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The History of Body Corporate Series – Part 1.

Here at Archers the Strata Professionals we entered 2022 with an immense amount of pride as we celebrate 40 years of business. This massive milestone has now prompted us to reflect on the history of not only our business but also the Body Corporate Industry in QLD since its inception. To commemorate this milestone, we will be delivering a series on each distinctly different era of the strata industry including the evolution of the governing legislation.
Our series commences with the 1930 to 1960 era when community living first emerged in QLD. In part 1 we aslo cover 1960-1970 when multi-story dwellings and cluster housing were given direction through 2 new laws.

Archers has served the Queensland Strata Industry for since establishment in 1982, we are owned and operated in Queensland for Queenslanders. We are proud of our history, not only where we started but also how far we have come. You can read more about it here. We pride ourselves on our experienced staff and expert knowledge of the strata legislation in Queensland. For our 40th birthday, we look back over the changing landscape of Queensland legislation since it began.

1930 to 1960 |The emergence of community living
In Queensland and Brisbane specifically the demand for community living arose from the housing shortage in the 1930s. At that time, community living was facilitated either under tenancies in common, supplemented by agreements, or Company title, whereby the building is recognised as a company and is governed by its constitution. The company title did not allow for freehold ownership over a unit. This caused many flow-on issues such as obtaining finance and the ability to readily buy and sell.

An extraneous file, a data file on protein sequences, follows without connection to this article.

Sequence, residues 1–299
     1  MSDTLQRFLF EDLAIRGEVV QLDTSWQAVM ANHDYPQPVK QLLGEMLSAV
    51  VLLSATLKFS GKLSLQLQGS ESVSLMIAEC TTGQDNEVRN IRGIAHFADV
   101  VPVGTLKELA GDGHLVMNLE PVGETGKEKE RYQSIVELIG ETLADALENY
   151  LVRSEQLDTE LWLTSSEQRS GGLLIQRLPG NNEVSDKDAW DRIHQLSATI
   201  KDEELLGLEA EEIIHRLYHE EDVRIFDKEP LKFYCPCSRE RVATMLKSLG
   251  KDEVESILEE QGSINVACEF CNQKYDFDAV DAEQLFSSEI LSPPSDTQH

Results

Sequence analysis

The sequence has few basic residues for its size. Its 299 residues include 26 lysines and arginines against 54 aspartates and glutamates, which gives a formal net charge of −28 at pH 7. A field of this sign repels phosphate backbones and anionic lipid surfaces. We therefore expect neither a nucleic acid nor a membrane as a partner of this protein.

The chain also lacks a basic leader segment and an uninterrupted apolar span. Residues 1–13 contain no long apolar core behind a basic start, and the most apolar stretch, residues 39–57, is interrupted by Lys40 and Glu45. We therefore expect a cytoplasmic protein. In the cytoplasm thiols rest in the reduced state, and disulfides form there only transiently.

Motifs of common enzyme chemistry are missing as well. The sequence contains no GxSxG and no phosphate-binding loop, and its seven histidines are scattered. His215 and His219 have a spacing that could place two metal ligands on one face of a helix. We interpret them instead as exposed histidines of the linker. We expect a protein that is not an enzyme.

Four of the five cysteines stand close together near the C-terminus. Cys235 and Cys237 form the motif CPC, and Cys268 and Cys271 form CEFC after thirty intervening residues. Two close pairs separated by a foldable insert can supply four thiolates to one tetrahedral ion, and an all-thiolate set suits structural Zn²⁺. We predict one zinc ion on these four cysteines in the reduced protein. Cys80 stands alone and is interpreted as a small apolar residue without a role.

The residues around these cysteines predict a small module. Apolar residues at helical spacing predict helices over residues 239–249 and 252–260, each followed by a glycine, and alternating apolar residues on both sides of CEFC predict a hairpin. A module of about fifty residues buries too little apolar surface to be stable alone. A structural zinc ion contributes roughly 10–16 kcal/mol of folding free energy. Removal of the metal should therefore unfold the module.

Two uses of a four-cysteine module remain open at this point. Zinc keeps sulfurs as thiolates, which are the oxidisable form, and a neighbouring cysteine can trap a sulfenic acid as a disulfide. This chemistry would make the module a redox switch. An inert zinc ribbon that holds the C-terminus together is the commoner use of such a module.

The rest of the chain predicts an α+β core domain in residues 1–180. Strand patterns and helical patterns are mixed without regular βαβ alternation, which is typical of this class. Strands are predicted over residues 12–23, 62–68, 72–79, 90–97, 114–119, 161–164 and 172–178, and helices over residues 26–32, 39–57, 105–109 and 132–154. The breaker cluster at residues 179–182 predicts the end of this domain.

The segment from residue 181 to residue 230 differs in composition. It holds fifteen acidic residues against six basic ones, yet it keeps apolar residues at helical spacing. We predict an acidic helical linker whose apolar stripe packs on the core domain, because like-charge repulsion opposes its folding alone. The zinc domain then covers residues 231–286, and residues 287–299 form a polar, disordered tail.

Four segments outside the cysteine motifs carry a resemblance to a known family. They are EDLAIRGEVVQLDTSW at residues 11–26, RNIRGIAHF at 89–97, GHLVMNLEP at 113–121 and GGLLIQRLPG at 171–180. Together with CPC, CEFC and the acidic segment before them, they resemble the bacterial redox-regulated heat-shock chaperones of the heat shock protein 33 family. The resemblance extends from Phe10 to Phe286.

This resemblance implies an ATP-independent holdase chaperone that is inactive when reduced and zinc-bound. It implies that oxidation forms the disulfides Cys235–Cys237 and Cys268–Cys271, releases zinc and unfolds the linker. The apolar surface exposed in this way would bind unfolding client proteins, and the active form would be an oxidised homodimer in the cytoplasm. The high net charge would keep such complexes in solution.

1960-1970 | Multistory dwellings and cluster housing were given direction through two new laws.
The demand for housing increased following the end of the second world war and high-density dwellings were in full swing. To address the issues for community living under the present systems, the Building Units Titles Act 1965 (QLD) [BUTA] was legislated. Once the building was habitable, a building units plan and a body corporate was created to insure the building, maintain common property and operate an administrative fund. It also provided owners’ rights to services and unit entitlements, which dictates the proportion they contribute to the fund. In the 1970s there was a shift to townhouses or cluster housing as an alternative to multi-story living.

In response, the Group Titles Act 1973 (QLD) [GTA] was introduced to allow land to be subdivided into lots by registering a group titles plan which identifies lots, common areas, and lot entitlements.

In our next instalment, we will focus on the 1970- 1990 era where unregulated management rights and the Building Units and Group Titles Act were born. Our final installment will then move to 1995-2021 when the industry welcomed modernisation of strata regulations. This will include what issues are currently being reviewed in 2022 and what the future holds.

This article was contributed by Nicky Lonergan, Managing Director – Archers the Strata Professionals.

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